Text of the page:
Modi warns relaxed attitude can lead to new COVID variants

DELTA variant has set off a third wave of COVID-19 across the world

The government of India seems to have realized a key fact in the fight against COVID-19: Allowing the virus to circulate freely — even if it doesn’t lead to deaths — is poor strategy when it comes to controlling the pandemic.

Addressing a meeting of chief ministers today, Prime Minister Narendra Modi emphasized the need to remain vigilant against large-scale transmission of the virus — even though the country has seen a sharp drop in the number of registered cases of COVID-19 in the last several days.

“According to experts, allowing the virus to circulate will lead to the generation of new variants,” Modi reminded the chief ministers, urging them not to become complacent as regards COVID-19 in their states.

Moreover, he pointed out, the virus is very much active in and around the country, and referred to states like Kerala and Maharashtra, where thousands of new cases continue to be detected every day.

He urged the chief ministers to be mindful of the situation in other countries — including neighbours like Bangladesh and Pakistan, as well as countries in the Europe, where the virus is making a huge comeback after having subsided several months ago.

Cases in the United Kingdom, where nearly 75% of the people are vaccinated, have jumped to nearly 50,000 per day from around 20,000 per day two weeks ago.

The US, where people stopped wearing masks in many places three months ago, is also seeing a sharp spike in new cases in the last ten days or so.

The comments come on a day when the central government opposed the stand taken by the Yogi Adityanath government in Supreme Court of India in the case of the Kavad religious procession case.

While the Uttar Pradesh government told the court that the religions processions, which involve tens of millions of people, posed no serious threat to the health of the people, the central government came out on the other side and said such processions should not be allowed.

Modi had, earlier this month, changed the union health minister, replacing Dr. Harsh Vardhan with Mansukh Mandaviya, a BJP leader from his home state with a reputation for getting things done.


Meanwhile, countries across the world are seeing a third wave of COVID-19, caused by a new variant of the COVID-19 virus that is supposed to have originated in India late in 2020. India had adopted a more relaxed posture on controlling the virus last year after it seemed that the fatality rate of the virus among Indians was very low. This had led to widespread replication of the virus in the Indian population.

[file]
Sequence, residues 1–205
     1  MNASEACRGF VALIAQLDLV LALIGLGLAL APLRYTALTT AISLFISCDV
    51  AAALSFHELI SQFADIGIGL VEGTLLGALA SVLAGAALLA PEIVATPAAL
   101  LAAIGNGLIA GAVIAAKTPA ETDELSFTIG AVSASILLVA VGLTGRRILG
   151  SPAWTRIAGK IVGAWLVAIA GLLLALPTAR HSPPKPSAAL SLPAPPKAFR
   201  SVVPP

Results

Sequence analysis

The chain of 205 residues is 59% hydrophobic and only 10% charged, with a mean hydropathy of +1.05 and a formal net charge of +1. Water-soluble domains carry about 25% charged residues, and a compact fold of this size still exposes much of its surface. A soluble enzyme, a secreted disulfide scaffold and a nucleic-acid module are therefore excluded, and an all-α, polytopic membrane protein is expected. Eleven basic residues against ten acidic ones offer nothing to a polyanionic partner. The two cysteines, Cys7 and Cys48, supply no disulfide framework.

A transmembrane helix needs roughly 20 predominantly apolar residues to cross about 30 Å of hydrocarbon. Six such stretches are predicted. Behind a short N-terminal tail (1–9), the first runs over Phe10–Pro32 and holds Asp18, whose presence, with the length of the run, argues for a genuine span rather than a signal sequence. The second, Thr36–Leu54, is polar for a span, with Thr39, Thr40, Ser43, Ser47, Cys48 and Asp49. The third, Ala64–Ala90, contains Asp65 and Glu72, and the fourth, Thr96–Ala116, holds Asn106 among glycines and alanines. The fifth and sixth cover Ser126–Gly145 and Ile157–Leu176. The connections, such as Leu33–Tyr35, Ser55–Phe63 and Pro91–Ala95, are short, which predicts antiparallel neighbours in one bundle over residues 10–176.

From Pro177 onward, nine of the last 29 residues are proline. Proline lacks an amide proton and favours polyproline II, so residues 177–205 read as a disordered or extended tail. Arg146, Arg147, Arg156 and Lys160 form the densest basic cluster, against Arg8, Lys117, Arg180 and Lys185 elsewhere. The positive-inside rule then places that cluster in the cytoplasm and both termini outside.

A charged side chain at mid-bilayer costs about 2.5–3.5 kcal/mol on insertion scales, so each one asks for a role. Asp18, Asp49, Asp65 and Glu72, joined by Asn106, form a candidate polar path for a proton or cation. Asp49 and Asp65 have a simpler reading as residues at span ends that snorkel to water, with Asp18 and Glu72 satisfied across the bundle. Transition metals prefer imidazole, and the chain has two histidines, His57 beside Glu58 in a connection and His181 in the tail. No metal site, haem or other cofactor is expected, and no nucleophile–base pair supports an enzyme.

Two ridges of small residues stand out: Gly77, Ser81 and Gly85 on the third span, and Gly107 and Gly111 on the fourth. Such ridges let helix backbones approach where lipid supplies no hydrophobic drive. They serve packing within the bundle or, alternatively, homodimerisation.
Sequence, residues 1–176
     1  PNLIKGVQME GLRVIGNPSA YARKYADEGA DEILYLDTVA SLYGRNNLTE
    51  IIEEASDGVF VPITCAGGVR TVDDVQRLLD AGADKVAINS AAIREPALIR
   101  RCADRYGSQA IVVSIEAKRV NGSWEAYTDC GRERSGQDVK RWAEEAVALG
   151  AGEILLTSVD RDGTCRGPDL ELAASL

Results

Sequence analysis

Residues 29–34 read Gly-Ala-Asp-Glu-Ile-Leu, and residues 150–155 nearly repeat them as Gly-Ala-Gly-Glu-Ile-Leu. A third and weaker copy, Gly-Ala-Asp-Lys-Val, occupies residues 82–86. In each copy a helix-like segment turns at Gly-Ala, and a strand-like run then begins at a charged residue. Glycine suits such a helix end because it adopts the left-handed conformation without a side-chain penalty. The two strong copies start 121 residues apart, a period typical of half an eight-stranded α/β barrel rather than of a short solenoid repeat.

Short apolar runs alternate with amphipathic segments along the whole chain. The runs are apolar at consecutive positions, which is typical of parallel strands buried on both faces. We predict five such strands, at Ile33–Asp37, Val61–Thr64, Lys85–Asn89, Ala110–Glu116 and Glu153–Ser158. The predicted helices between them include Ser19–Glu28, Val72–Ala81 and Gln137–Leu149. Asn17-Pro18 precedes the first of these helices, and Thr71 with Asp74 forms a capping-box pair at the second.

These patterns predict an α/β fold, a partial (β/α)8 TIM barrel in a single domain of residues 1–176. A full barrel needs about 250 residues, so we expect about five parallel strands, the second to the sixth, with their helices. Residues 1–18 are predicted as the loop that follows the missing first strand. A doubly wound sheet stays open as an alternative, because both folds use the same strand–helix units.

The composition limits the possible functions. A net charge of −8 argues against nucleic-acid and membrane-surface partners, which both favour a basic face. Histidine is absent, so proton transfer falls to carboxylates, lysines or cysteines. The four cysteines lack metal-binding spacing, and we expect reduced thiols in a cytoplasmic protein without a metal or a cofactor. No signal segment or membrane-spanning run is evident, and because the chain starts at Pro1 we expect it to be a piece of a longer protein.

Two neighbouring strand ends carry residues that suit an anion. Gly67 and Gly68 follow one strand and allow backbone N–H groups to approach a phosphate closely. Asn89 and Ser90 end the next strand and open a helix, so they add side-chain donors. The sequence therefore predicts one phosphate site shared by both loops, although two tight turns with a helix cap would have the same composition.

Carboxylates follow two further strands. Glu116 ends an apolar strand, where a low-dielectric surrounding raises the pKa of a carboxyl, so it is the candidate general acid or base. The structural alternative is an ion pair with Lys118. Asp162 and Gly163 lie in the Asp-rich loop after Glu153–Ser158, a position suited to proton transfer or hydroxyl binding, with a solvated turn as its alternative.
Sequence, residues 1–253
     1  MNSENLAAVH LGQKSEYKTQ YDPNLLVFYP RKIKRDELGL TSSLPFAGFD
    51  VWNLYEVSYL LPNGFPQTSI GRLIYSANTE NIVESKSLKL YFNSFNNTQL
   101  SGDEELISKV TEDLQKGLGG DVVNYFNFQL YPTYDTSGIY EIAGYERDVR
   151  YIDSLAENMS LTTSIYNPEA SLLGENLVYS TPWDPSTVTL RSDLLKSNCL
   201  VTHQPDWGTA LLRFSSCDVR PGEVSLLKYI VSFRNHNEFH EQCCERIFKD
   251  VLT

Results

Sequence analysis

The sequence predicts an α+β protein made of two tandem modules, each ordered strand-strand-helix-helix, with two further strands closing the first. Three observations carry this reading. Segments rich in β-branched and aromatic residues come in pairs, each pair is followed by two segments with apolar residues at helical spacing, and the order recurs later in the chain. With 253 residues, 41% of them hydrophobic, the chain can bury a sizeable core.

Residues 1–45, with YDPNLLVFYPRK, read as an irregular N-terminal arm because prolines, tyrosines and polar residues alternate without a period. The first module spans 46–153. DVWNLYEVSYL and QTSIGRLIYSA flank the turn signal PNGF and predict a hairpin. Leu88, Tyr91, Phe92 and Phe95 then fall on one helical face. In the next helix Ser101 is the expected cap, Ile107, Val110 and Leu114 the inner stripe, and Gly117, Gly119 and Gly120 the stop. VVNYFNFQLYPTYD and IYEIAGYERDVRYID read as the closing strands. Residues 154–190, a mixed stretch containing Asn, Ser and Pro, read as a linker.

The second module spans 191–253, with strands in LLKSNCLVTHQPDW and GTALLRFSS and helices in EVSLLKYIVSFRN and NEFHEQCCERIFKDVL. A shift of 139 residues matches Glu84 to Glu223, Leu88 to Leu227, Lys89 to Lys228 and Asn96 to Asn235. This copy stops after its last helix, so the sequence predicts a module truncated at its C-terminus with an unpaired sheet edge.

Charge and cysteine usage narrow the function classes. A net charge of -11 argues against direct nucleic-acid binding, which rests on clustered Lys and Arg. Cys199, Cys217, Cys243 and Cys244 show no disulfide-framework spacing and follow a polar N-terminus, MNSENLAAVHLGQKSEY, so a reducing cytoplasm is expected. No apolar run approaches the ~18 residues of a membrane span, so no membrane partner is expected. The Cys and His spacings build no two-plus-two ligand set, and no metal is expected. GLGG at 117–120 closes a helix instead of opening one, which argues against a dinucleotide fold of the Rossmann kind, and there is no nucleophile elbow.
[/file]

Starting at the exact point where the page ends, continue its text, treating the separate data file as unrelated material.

The new variant behind the latest wave of infections across the world used to be called the Indian variant as it was first detected in India, and was therefore supposed to be originated here late last year. It was later renamed Delta variant by the World Health Organization after countries objected to calling viruses by geographic names.

Even though the highly transmissible Delta variant is estimated to have reached the UK only two months ago via travellers from India, it currently accounts for over 99% of the new cases in the country.

The Delta variant has since spread to other countries such as Portugal, France, Indonesia, Germany and the US, where it now accounts for nearly 60% of the total cases.

Even countries that had managed to keep a lid on the earlier form of the virus, such as South Korea, Japan, Israel and Germany, are unable to control this highly transmissible form of the virus.

India was the first country to experience the full fury of the Delta variant back in April and May, and saw acute distress as desperate patients lined up outside overflowing hospitals, seeking oxygen and care.

Unlike the earlier variants, the Delta variant also affects young people as well as those who have previous immunity to COVID-19, whether from vaccines or exposure.

Because of this, the number of vaccinated people have overtaken the number of unvaccinated people in UK’s daily COVID-19 cases.

Even as the rest of the world grapples with the Delta variant, another new form of the virus, called Delta Plus, has already been detected in India, and has been found in several states.

Delta Plus is supposed to be distinct enough from the Delta variant to potentially trigger a new waves of infections in the country, including in areas highly exposed to the Delta variant, such as Maharashtra, Delhi and Uttar Pradesh.


Meanwhile, the UK government has allowed people in England to roam about — including on public transport — without wearing masks from Monday, even though the number of daily cases are expected to rise to 70,000 from the currently 50,000 by then.

The government in the UK believes that the number of new cases of hospitalization, which is around 600/day at present, will remain under control at around 1000 cases/day even in the worst case scenario, and can therefore be managed by the healthcare system in the country.

Experts have, meanwhile, warned that the daily cases in the UK could cross the 150,000 mark, and this can lead to the emergence of new variants of the virus that may be able to dodge the defences put up by the vaccines.